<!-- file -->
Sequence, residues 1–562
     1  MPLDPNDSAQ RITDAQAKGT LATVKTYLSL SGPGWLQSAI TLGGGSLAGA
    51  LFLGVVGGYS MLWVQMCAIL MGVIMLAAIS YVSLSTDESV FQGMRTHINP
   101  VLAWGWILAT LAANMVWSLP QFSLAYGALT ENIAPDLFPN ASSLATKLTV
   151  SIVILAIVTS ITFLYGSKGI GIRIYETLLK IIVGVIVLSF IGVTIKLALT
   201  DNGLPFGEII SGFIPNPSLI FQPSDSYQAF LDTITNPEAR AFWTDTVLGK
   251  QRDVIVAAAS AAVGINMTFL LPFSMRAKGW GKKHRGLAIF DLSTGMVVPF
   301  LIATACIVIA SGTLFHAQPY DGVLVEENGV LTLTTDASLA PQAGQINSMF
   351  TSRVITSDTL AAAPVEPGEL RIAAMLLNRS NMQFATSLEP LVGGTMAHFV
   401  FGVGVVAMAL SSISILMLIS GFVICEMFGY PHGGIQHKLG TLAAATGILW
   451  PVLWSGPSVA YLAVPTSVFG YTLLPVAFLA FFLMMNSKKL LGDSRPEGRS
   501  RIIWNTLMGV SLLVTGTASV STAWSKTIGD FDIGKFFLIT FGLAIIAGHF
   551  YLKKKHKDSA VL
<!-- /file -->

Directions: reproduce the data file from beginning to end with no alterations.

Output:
Sequence, residues 1–562
     1  MPLDPNDSAQ RITDAQAKGT LATVKTYLSL SGPGWLQSAI TLGGGSLAGA
    51  LFLGVVGGYS MLWVQMCAIL MGVIMLAAIS YVSLSTDESV FQGMRTHINP
   101  VLAWGWILAT LAANMVWSLP QFSLAYGALT ENIAPDLFPN ASSLATKLTV
   151  SIVILAIVTS ITFLYGSKGI GIRIYETLLK IIVGVIVLSF IGVTIKLALT
   201  DNGLPFGEII SGFIPNPSLI FQPSDSYQAF LDTITNPEAR AFWTDTVLGK
   251  QRDVIVAAAS AAVGINMTFL LPFSMRAKGW GKKHRGLAIF DLSTGMVVPF
   301  LIATACIVIA SGTLFHAQPY DGVLVEENGV LTLTTDASLA PQAGQINSMF
   351  TSRVITSDTL AAAPVEPGEL RIAAMLLNRS NMQFATSLEP LVGGTMAHFV
   401  FGVGVVAMAL SSISILMLIS GFVICEMFGY PHGGIQHKLG TLAAATGILW
   451  PVLWSGPSVA YLAVPTSVFG YTLLPVAFLA FFLMMNSKKL LGDSRPEGRS
   501  RIIWNTLMGV SLLVTGTASV STAWSKTIGD FDIGKFFLIT FGLAIIAGHF
   551  YLKKKHKDSA VL